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Vietnam students expected to proclaim Christ

Archbishop Thien says the pandemic prevents people from physical contact but binds them together in a kindred spirit

UCA News reporter, Hanoi

UCA News reporter, Hanoi

Published: September 02, 2021 08:51 AM GMT

Updated: September 02, 2021 09:17 AM GMT

Vietnam students expected to proclaim Christ

Young Vietnamese Catholics attend a prayer gathering in March in Ha Nam province. (Photo courtesy of tonggiaophanhanoi.org)

Students in Vietnam’s capital are urged to learn love and humility from Jesus and become devoted to bringing happiness to other people in their environment including social media.

Archbishop Joseph Vu Van Thien of Hanoi said youth is a precious blessing given by God, so students should learn, love and proclaim Christ in the new school year that will face challenges caused by Covid-19.

He said young people today gain a lot of knowledge through modern digital means, but they should "learn from Jesus as all wisdom comes from the Lord."

They should learn how to admit their mistakes, be meek and patient, let go of themselves and love people. When they humble themselves, they learn many things, do not disappoint themselves and fear to fail but discover God's will through events. They rely on the Jesus for inner peace and discernment.

"Studying with Master Jesus like that, you will find out the Father's will is the reason for your life when you commit yourselves to serving and loving others," Archbishop Thien said in his letter to local students who will start their new school year this month.

The 61-year-old prelate said that only when their hearts are filled with love can they find true meanings in life to go ahead. "Only with love will you take initiatives to weave the web of life that embraces humanity."

The cry of the poor is Jesus' call urging you to embrace them, step into their life to sympathize and share

The archbishop, who serves as vice secretary-general of the Catholic Bishops’ Conference of Vietnam, asked if they have ever lived too quickly to give their hearts a chance to go out to people in miserable conditions.

"The cry of the poor is Jesus' call urging you to embrace them, step into their life to sympathize and share," he said.

He said the Covid-19 outbreak prevents people from physical contact but binds them together in a kindred spirit. They maintain social distance but do not keep far away from others and do not let the pandemic divide their love.

"Love, sacrifice and compassion in young people must be shown in the face of the wounds and miseries of others. In the most desperate times, hope is the inner strength of hearts of love," he said.

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Archbishop Thien said living in a world full of changes in science and technology requires youths to stay awake.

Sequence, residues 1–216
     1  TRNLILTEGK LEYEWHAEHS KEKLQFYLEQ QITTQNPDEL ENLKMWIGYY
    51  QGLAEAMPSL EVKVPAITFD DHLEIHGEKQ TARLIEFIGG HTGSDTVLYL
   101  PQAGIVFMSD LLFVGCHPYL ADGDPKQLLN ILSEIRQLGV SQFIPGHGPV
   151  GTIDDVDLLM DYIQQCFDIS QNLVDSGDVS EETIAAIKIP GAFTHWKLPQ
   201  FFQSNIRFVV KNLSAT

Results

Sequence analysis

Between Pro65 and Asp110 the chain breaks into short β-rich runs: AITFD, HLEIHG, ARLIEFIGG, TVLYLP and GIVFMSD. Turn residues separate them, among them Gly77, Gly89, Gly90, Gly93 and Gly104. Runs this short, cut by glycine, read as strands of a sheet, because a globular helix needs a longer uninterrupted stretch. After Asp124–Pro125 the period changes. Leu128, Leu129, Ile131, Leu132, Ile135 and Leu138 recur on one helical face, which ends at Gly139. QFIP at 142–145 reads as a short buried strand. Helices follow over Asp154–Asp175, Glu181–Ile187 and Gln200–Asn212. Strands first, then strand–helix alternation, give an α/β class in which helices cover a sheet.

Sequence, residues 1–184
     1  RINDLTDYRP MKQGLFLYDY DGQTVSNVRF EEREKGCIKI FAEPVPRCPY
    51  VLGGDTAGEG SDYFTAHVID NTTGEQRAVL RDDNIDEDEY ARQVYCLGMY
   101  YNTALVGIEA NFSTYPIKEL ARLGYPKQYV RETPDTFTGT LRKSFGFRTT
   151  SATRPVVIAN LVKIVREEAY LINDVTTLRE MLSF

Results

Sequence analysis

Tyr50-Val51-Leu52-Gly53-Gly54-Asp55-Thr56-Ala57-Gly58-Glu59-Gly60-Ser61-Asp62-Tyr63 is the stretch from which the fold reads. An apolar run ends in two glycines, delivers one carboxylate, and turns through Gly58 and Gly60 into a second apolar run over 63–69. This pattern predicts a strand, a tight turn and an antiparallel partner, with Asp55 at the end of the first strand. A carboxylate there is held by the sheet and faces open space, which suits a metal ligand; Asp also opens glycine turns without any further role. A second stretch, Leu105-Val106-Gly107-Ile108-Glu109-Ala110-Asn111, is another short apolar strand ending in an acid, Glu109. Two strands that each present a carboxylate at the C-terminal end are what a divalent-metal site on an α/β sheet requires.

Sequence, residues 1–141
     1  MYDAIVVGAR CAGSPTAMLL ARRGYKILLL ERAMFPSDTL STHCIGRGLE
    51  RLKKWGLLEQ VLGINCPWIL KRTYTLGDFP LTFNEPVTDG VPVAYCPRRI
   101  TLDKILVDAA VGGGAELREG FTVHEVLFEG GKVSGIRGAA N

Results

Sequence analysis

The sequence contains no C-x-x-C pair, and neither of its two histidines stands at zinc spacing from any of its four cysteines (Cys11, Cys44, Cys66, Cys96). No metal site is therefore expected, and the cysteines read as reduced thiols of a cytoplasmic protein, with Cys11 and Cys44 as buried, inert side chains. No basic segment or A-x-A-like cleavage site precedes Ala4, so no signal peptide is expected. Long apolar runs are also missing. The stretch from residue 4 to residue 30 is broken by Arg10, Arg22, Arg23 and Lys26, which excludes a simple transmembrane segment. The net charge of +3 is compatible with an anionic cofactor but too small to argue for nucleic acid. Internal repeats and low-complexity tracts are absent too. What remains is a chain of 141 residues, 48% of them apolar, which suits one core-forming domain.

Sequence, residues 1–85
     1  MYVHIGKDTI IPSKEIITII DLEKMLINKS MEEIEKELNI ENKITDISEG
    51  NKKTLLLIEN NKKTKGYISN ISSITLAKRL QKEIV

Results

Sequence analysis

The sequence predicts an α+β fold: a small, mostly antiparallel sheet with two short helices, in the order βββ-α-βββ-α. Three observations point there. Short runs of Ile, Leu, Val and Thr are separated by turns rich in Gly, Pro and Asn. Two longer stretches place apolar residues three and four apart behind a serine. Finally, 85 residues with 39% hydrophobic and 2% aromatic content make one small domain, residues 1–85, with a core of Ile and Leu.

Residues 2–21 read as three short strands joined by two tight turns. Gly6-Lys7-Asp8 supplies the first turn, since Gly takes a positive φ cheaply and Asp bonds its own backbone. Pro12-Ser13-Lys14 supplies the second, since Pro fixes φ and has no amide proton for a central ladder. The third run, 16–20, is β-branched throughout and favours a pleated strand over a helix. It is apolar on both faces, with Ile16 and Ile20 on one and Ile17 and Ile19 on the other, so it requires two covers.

“You should know how to control yourself so that technology could not obstruct you but is a means to help you learn to live wisely, think deeply and express love. Do not let social media lose your true attraction to God. You need to increase connection, interaction and conversation with friend Jesus,” he said.

Noting that few young people talk about Jesus to their friends despite sharing numerous stories about idols and events, he urged them to take part in evangelization by studying the Scriptures and catechism to tell others about Jesus' story via social media.

"I believe that with your initiative and enthusiasm, you will bring God to many people in a close way, just as God loves and remains with them," Archbishop Thien said.

He said the concept of "citizens of the Kingdom" does not alienate Christians from their homeland. On the contrary, the faithful have the duty to stick to their homeland's destiny, to make the Gospel fragrant in their social environment.

"I fully expect that you both feel the presence of God through the local Church's concern and enthusiastically introduce your friends Christ who is alive and present among us," he said.

Please long for noble things because you are born for great things — profound inner freedom and true love that can make your life worth living happily

Vietnam’s bishops are expected to call on local people to walk with youths in the Church and society in 2022.

"Please long for noble things because you are born for great things — profound inner freedom and true love that can make your life worth living happily," the archbishop concluded.

Archbishop Thien, rector of Martyr Peter Le Tuy Institute of Theology that trains local religious, said he cancelled the Sept. 6 opening ceremony of the institute’s first new academic year due to Covid measures. Students will attend courses starting on Sept. 7 at the institute established in March.

All schools in Hanoi city will start the new school year on Sept. 6 and offer online courses to fight the pandemic.

The archdiocese has suspended all religious activities since May.

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